Deforming muscle dystonia (torsion dystonia)

Deforming muscle dystonia is a chronic progressive disease characterized by changes in muscle tone and slow rotational movements of the trunk and limbs. The disease was first described by Schwalbe in 1908. At first, it was regarded as a kind of neurosis. In 1911, Oppenheim substantiated the organic nature of suffering.

Pathological anatomy and pathogenesis of deforming muscular dystonia

Morphological changes in the brain with deforming muscular dystonia are very uncertain. In some cases, non-gross disorders in the subcortical ganglia were found in the form of a decrease in the number of small neurons in putamen , some nuclei of the thalamus. In the pathogenesis of the disease, a certain role is played by disorders in the dopaminergic system, similar to those in Parkinson’s syndrome, but in the presence of a bilateral imbalance of the dopamine content in the striatum.

Etiology of deforming muscular dystonia

Distinguish between hereditary and symptomatic forms of deforming muscular dystonia. Inheritance transmission can be carried out both by an autosomal dominant and an autosomal recessive type. The syndrome of deforming muscle dystonia is noted in a wide variety of processes: hepatolenticular degeneration, epidemic encephalitis, cerebral palsy, etc. In the vast majority of cases, the etiology of the disease remains unclear.

Clinic of deforming muscular dystonia

As a result of the uneven tension of different muscle groups, the body bends to the side, forward or backward, twists along the longitudinal axis; the head leans forward, backward or to one side; the limbs are unnaturally bent or unbent, the whole body takes an elaborate, unusual position. Violent movements increase dramatically with emotional stress, an attempt to perform any purposeful movement, when moving to an upright position while walking. In the supine position, muscle tension and violent movements decrease and completely disappear during sleep or with general anesthesia. Prolonged contractions of individual muscle groups are often accompanied by their hypertrophy and the occurrence of intense pain. Despite gross violations of posture, patients can move on their own for a long time, deftly adapting to existing tonic disorders. “Paradoxical kinesia ” is sometimes noted , which is manifested in the fact that a patient who moves with noticeable difficulty can freely dance, move sideways or backwards, and follow a stroller or a mobile chair. Mimic muscles usually do not suffer, however, hyperkinesis of oral muscles can be so pronounced that the patient severely injures his lips and tongue with his teeth. Hyperkinesis makes it difficult to speak. Swallowing, as a rule, is not broken.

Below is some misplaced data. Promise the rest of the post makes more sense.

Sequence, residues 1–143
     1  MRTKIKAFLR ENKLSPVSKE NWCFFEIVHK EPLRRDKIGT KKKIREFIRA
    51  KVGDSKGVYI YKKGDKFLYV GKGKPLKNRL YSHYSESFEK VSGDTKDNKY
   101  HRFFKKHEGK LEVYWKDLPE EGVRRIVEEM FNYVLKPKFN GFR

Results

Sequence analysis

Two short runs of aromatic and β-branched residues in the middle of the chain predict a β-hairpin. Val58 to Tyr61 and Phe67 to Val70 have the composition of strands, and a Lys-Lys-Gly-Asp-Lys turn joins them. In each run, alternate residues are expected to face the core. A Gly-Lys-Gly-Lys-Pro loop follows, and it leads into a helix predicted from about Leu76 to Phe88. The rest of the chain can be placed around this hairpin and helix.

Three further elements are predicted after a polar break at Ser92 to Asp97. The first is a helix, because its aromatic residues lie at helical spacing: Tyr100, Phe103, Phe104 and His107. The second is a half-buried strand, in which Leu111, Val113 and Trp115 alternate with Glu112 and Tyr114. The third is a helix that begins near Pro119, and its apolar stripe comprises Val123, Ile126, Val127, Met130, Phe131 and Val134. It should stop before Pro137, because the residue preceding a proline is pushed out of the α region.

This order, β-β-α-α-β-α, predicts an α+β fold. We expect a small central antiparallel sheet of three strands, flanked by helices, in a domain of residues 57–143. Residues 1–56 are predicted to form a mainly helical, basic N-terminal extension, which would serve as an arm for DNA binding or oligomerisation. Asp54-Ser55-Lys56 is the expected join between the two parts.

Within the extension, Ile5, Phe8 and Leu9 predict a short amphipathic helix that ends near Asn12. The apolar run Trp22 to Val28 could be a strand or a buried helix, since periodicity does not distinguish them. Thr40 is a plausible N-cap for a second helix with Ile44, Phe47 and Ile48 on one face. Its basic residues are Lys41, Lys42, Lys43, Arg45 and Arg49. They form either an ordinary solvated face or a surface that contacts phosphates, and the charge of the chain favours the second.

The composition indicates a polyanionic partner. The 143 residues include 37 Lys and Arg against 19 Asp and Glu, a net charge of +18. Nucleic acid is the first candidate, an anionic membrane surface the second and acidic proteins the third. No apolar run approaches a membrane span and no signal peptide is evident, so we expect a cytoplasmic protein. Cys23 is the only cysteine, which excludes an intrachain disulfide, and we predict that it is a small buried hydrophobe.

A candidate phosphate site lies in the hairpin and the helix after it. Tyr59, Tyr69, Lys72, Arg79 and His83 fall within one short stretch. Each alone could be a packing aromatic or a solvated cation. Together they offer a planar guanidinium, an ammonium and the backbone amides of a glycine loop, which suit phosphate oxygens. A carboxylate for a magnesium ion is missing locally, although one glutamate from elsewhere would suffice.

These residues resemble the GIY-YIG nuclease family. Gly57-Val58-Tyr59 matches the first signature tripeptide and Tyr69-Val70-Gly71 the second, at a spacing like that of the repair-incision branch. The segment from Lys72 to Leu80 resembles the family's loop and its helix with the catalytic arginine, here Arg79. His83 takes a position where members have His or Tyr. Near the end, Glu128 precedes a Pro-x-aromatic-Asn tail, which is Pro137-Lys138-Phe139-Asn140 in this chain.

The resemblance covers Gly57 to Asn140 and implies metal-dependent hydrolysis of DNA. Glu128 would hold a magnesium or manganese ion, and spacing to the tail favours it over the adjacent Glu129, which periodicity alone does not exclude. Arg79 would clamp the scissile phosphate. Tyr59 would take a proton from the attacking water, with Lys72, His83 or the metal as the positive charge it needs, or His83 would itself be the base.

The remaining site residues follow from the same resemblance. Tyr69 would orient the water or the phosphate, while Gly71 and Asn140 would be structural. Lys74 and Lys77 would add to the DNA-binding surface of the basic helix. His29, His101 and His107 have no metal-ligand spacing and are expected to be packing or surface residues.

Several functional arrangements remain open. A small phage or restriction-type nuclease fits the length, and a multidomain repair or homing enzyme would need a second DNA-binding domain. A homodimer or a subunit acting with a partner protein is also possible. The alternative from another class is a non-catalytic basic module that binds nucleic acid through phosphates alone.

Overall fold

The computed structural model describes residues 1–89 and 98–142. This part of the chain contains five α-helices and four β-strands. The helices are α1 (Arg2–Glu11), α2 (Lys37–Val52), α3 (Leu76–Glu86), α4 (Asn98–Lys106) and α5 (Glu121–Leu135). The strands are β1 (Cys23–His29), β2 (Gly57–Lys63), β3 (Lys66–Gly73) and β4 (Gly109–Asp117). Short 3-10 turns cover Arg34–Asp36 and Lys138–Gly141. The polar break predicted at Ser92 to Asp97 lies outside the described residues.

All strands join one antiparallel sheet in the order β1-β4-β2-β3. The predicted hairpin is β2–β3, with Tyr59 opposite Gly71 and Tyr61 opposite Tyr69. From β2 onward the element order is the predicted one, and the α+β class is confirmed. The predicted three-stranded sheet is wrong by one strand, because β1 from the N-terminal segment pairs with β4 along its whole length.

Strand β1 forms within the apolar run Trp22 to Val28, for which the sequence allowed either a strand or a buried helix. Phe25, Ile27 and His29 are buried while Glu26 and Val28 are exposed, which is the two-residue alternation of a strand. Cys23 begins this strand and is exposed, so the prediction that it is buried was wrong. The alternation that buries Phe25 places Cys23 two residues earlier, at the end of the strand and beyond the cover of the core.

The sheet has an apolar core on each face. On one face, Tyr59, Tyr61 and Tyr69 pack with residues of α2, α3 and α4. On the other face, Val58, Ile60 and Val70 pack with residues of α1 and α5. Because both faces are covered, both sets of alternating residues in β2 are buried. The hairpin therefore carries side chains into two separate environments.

Clinical examination reveals a significant change in muscle tone in the affected limbs, the severity of which can vary widely – from severe hypertension to hypotension. Often there are
athetoid movements in the hands, deformity and incorrect position of the feet. Prolonged fixation of the foot or hand in the wrong position may be accompanied by: the development of soft tissue fibrosis and degenerative changes in the joints with the formation of contractures.
Pyramidal signs, sensitivity disorders are not characteristic of deforming muscular dystonia. The psyche? does not suffer. Enlarged spleen, liver damage usually do not occur. The Kaiser – Fleisher ring is absent. However, in the pathogenesis of some cases of the disease, importance is attached to impaired copper metabolism.

Depending on the prevalence of dystonic phenomena and the accompanying motor disorders, generalized and local forms of the disease are distinguished . As a rule, these forms do not pass one into another, except in those cases when local symptoms are the initial manifestations of a generalized form. The onset of the disease usually refers to childhood (2/3 of the children fall ill before age 15). The process can grow rapidly, but can develop slowly. Remissions of different durations are possible. The disease, especially its generalized form, inevitably leads to death, patients rarely live up to 45 years

local_offerevent_note October 21, 2019

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